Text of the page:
In 2008 I had brain surgery to remove an acoustic neuroma. The tumor my facial nerves 5-10 with 7 being the worst. It caused partial paralysis to my face. I have been on Lyrica (150mg x3 a day) ever since. Due to insurance reasons I have to switch to Gabapentine (600mg x3 a day)
    I am proof that there is Lyrica withdrawal!! Right now I feel awful. My head hurts, I have thrown up, sleep is fleeting and I’m depressed!! I have also stopped Cymbalta (30mg x1 a day).
    If anyone has any advice, please help!! This hurts!!

  11. matthew

    Was put on lowest dose (150mg a day) about 9 months ago at V.A. for DN. At first it was great,helped me sleep,cut my pain way down and even helped with my pee pressure.I was watching me become a person that was a total stranger.Lost my love for my brothers and long time friends.I couldn’t watch commericals on tv and felt like killing a few of them.Had road rage every time I drove,and knew I had to get off this drug.Came off gradually and now suicidal,depressed,nauseous,horrible brain ache,pressure in my chest,hypertension,nightmares and it’s been 4 weeks scence I quit.I have never been depressed in 60 yrs of living until now.Beware,this is the devil tryin to take you out

  12. Danny
    colorado springs

    The big problem is these doctors don’t know what the hell theyre prescribing because they have never taken it themselves. I went to my psychiatrist for a pain med what? I mean I went to my doctor for a psych med and they gave me this pain killer what? … It doesn’t make any sense for them to be pushing this stuff without proper knowledge about it.

  13. Bruce
    Piqua, Ohio

    Prescribed Lyrica by doctors at OSU after 2 brain surgeries, radiation and cauterization of my Trigeminal nerve all failed. It has taken away my will to DO ANYTHING while doing nothing for the pain of Trigeminal Neuralgia and Anesthesia dolorosa. Need to get off it but missing just one capsule a day makes the pain 10 times worse. Had to quit my job as a librarian because my vision is so blurry. I would advise to get a 2nd opinion and do some research before taking this drug.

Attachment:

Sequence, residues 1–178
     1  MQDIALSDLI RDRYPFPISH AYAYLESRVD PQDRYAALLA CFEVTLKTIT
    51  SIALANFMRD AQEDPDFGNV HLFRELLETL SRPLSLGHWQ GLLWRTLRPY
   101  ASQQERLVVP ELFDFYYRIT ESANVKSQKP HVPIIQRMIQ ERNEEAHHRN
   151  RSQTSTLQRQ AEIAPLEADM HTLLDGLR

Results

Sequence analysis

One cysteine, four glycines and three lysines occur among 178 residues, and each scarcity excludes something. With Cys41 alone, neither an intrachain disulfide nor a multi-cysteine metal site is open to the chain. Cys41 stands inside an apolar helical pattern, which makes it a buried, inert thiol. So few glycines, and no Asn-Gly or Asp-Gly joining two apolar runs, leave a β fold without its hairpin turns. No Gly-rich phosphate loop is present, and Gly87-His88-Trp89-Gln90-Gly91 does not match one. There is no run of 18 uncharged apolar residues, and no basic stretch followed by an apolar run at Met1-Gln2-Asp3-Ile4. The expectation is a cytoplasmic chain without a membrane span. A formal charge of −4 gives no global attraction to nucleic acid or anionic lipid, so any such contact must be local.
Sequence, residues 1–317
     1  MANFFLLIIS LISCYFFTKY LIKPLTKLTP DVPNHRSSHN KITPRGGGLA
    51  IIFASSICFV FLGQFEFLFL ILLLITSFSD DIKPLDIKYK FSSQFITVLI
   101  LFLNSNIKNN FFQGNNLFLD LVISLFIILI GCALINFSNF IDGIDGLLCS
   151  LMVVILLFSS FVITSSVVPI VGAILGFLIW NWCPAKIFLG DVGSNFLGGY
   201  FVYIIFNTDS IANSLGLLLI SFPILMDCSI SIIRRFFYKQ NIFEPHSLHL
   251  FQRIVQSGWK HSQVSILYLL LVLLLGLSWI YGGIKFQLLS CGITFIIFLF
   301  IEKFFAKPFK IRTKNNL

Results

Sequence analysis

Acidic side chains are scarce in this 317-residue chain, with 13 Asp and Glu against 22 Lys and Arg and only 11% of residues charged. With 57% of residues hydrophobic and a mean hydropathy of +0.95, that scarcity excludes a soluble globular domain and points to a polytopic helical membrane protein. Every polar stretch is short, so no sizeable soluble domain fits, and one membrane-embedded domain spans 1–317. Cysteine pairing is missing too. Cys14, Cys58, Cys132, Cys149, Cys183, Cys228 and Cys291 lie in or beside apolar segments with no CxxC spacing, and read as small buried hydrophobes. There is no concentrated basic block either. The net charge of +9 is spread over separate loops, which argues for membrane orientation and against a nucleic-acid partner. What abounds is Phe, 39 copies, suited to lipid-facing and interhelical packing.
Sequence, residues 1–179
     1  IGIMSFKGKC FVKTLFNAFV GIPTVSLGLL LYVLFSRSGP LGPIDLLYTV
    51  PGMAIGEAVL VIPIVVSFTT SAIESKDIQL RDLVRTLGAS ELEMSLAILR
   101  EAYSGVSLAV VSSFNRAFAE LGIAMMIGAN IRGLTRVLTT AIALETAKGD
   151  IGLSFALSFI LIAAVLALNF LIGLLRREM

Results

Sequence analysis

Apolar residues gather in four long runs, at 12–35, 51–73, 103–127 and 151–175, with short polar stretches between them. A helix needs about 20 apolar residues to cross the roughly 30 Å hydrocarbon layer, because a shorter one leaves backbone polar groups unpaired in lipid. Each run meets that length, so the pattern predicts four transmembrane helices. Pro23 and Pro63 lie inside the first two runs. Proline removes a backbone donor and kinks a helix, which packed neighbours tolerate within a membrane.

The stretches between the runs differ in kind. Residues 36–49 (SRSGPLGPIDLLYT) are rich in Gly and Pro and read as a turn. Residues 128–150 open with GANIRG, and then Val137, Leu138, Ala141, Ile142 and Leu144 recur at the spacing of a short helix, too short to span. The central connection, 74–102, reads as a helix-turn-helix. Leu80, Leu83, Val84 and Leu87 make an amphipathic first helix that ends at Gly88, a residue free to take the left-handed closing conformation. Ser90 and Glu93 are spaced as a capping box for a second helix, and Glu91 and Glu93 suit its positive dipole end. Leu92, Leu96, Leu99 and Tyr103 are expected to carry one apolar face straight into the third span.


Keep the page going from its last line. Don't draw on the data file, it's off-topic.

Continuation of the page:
14. Joel

    I recently had a lumbar fusion and a cervical fusion. I was already on gabapentin before the surgeries to help the nerve pain I was having. That didn’t really seem to help, but you know how it is, you keep hoping and keep upping the dose! After surgery I was still having nerve pain, so it was suggested the I switch to Lyrica. I did and was eventually up to 450mg’s a day, but I was completely exhausted all the time.

    My ortho doc wanted me to see a neurologist as a precaution. She told me she thought 450 was too much and that I should immediately drop to 300. So I did with seemingly no problems. That was at least a month ago.

    I am still fatigued, so I talked to my primary doctor and we discussed a plan to get off of it altogether. We decided to switch me over to gabapentin in an amount equal to the Lyrica I was taking. Partly due to expense and partly due to the availability of more increments of gaba.